Anne Greene here:
In December I discussed Christmas During the Roaring 1920s. In January I discussed the Flapper In The Jazz Age. This month for Valentine's Day, I’m homing in on Fashions During The Roaring 1920s. In March, I’ll discuss Accessories and Hairstyles During the Roaring 1920s.
When we think of the 1920s we tend to think of ancient history. But events that occurred after World War I still affect our lives today.
FASHION CHANGED AFTER WORLD WAR I. Social customs and morals relaxed in the optimism brought on by the end of the war and the booming stock market. Women entered the workforce. People ignored the prohibition on alcohol. A revolution occurred in almost every sphere of human activity. As women earned the right to vote, fashion trends became more practical. Flappers discarded the constrictive corset, an essential undergarment to make the waist thinner.
Undergarments transformed to conform to the ideals of a flatter chest and more boyish figure. The chemise or camisole and bloomers replaced the confining corset. Soon those shortened to panties or knickers. All-in-one lingerie grew popular.
The development of new fabrics and new closures in clothing affected fashion. Natural fabrics such as cotton and wool were abundant. Silk was highly desired for its luxurious qualities, but the limited supply made it expensive. Artificial silk patented in the United States became known as rayon. Rayon stockings grew popular as a substitute for silk stockings. Rayon was also used in undergarments. Before the 1920s buttons and lacing fastened clothes. Now metal hooks and eyes, zippers and snaps developed to make dressing easier and faster.
Improved production methods enabled manufacturers to produce clothing working families could afford. People’s fashion sense grew more sophisticated. Working-class women looked for modern dresses to transition from farm work to urban careers. Women adopted a modern look that suited their new careers as typists and telephone operators.
For the first time in centuries, women's legs were seen with hemlines rising to the knee. A more masculine look became popular, including flattened breasts and hips, and short hairstyles such as the bob cut and the Marcel wave.
But the 1920s also loved luxury. High end designers favored expensive fabrics like silk, velvet and satin, while department stores carried less expensive variations on those designs made of new synthetic fabrics. The use of mannequins grew widespread and showed shoppers how to accessorize the new fashions. The modern fashion cycle, established in the 1920s, still dominates the industry today.
Clothing fashions changed with women's changing roles. Although society matrons of a certain age continued to wear conservative dresses, sportswear worn by younger women became the greatest change in post-war fashion. The tubular dresses of the teens evolved into a similar silhouette that sported shorter skirts with pleats, gathers, or slits to allow motion. The most memorable fashion trend of the Roaring '20s was the flapper look which was functional and flattened the bust line rather than accentuating it.
The straight-line chemise topped by the close-fitting cloche hat was the uniform of the day. Women bobbed their hair short to fit under the popular hats, a radical move in the beginning, but standard by the end of the decade. Low-waisted dresses with fullness at the hemline allowed women to literally kick up their heels in new dances like the Charleston. In 1925, shift dress with no waistline, and a hem approximately one inch below the knee emerged.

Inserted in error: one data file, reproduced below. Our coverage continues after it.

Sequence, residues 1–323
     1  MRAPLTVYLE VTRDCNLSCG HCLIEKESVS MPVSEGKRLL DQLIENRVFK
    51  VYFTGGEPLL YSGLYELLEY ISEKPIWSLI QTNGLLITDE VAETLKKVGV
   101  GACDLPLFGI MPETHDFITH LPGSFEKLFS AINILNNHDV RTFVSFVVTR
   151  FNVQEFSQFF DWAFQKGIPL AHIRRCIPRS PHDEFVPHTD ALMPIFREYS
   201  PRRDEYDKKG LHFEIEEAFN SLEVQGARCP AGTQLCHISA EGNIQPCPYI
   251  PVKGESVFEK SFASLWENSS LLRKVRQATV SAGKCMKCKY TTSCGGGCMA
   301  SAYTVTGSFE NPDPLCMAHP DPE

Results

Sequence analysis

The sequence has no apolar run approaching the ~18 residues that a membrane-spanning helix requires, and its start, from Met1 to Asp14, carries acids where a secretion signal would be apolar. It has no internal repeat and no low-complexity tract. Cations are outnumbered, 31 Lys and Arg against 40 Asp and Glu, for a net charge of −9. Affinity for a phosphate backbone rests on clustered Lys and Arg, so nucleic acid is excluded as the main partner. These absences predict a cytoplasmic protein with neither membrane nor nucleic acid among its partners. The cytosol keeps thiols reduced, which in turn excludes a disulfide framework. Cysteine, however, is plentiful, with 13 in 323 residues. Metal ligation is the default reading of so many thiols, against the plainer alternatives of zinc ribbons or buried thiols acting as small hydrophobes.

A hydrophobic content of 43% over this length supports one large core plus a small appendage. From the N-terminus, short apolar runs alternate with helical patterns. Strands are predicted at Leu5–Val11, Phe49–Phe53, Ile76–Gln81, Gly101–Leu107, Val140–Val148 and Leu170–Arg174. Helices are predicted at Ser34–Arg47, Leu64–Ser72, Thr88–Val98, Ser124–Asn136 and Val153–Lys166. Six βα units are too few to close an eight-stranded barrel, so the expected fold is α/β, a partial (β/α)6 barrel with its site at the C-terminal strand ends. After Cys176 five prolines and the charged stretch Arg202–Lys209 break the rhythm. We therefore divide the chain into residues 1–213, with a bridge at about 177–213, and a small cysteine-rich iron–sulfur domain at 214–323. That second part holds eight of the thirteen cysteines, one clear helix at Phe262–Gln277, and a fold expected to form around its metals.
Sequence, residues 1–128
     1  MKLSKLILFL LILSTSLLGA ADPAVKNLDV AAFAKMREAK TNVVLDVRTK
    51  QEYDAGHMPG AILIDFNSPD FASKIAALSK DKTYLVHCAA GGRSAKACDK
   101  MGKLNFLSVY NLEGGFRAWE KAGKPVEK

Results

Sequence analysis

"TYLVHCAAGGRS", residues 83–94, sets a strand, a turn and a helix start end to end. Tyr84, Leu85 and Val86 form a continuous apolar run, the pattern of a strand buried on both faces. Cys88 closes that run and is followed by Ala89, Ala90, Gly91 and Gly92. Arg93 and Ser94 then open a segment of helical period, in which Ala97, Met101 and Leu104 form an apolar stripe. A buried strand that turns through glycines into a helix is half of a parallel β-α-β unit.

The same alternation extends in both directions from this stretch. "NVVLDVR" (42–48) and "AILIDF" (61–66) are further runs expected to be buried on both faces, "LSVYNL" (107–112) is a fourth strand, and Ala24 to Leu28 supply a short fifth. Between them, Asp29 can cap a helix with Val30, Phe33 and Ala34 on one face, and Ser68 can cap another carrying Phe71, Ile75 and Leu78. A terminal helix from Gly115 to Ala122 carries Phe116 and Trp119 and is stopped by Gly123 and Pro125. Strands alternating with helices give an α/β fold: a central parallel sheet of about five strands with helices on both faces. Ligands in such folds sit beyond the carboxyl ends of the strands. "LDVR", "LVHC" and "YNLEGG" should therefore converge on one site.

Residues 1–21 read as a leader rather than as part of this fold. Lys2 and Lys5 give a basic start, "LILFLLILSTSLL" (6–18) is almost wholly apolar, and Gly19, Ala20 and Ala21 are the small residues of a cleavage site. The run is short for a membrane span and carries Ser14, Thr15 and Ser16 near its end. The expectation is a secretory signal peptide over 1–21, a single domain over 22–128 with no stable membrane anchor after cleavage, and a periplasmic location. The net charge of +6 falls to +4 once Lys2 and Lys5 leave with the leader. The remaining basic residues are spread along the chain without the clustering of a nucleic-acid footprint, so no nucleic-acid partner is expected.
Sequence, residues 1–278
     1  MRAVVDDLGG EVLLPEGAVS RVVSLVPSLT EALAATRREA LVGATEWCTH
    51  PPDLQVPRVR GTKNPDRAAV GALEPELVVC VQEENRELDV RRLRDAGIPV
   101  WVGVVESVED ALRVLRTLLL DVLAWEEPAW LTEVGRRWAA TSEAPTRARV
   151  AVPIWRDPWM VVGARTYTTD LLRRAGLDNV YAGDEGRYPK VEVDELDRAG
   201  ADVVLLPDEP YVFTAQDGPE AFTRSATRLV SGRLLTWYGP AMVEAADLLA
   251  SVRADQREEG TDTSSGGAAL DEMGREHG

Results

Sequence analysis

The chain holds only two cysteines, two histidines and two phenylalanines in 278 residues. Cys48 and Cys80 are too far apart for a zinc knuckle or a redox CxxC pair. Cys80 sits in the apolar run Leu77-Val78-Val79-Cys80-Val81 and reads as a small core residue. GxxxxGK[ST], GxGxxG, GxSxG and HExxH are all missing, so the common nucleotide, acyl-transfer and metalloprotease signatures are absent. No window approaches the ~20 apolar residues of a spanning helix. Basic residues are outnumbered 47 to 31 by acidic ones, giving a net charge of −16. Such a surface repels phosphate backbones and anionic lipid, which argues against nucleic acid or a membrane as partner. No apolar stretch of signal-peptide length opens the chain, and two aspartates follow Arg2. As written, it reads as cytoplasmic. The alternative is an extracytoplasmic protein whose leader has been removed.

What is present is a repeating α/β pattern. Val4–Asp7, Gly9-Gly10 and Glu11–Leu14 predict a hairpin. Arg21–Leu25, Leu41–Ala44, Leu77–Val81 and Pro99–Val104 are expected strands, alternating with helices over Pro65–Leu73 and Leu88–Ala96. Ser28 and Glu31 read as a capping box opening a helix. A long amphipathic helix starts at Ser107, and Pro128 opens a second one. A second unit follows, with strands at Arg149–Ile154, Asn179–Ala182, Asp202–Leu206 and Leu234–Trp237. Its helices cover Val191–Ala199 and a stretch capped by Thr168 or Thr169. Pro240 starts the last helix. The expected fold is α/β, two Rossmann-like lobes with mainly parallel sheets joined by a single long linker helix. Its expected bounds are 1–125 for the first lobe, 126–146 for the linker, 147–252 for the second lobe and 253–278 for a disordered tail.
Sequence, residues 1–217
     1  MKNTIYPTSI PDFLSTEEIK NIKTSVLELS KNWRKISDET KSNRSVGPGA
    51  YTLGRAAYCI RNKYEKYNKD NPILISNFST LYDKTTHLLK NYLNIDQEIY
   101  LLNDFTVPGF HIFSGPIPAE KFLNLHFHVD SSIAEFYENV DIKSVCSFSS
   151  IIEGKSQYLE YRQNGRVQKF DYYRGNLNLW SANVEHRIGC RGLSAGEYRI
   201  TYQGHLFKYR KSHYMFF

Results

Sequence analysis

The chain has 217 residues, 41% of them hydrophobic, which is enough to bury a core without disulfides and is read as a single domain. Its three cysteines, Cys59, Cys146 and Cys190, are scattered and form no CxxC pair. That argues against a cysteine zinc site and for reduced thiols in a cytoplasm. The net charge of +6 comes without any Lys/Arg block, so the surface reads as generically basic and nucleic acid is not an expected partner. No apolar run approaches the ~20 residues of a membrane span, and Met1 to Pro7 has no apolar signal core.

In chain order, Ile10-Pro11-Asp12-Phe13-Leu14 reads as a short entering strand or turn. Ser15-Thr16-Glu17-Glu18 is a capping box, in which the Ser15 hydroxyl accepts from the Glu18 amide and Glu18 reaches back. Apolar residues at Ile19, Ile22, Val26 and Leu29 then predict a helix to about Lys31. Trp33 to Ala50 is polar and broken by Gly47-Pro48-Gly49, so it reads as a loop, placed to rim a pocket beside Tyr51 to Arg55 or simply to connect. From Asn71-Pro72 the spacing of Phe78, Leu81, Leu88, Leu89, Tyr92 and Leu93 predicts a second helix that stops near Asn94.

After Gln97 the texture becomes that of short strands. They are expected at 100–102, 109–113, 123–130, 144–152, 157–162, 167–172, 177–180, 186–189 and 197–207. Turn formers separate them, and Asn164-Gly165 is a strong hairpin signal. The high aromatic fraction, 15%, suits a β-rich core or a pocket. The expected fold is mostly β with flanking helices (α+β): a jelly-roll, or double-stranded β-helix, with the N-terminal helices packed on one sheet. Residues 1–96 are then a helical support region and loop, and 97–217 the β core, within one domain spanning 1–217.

Proper attire for women was still enforced for morning, afternoon, and evening activities. In the early part of the decade, wealthy women still expected to change from a morning to an afternoon dress. Afternoon gowns featured long, flowing sleeves, with sashes, bows, or artificial flowers at the waist. Evening gowns, slightly longer than afternoon gowns, featured satin or velvet, and were embellished with beads, rhinestones, or fringe.
Clothing styles consisted of more than just the cloche and flapper. Casual clothing was introduced to the public. Women began to wear pants. Certain styles of women’s shoes were unique to this decade. Some of the breakout shoe styles included the ankle strap button shoe, the t-bar shoe, and shoes trimmed with sequins or other materials.
Men began to abandon formal wear when more and more men opted for suits with long suit jackets for special events and shorter suit jackets for casual occasions.
All in all the decade brought in practicality and fun. The US was young, lively, and full of expectations. Nothing was impossible.
Would you have enjoyed living during the 1920s? Leave a comment for a chance to win Anne’s newest book release, Marriage By Arrangement. This makes a lovely Valentine's Day gift for a loved one.
ANNE GREENE delights in writing about wounded heroes and gutsy heroines.
Her second novel, a Scottish historical, Masquerade Marriage, won the New England Reader Choice award, the Laurel Wreath Award, and the Heart of Excellence Award. The sequel Marriage By Arrangement released November, 2013. A Texas Christmas Mystery also won awards. She makes her home in McKinney, Texas. Tim LaHaye led her to the Lord when she was twenty-one and Chuck Swindoll is her Pastor. View Anne’s travel pictures and art work at http://www.AnneGreeneAuthor.com. Anne’s highest hope is that her stories transport the reader to an awesome new world and touch hearts to seek a deeper spiritual relationship with the Lord Jesus. Buy Anne’s books at http://www.PelicanBookGroup.com. Or at http://www.Amazon.com. Visit http://www.anneswritingupdates.blogspot.com for information on writing an award-winning novel. Talk with Anne on twitter at @TheAnneGreene. Visit Anne’s Facebook page at http://www.facebook.com/AnneWGreeneAuthor.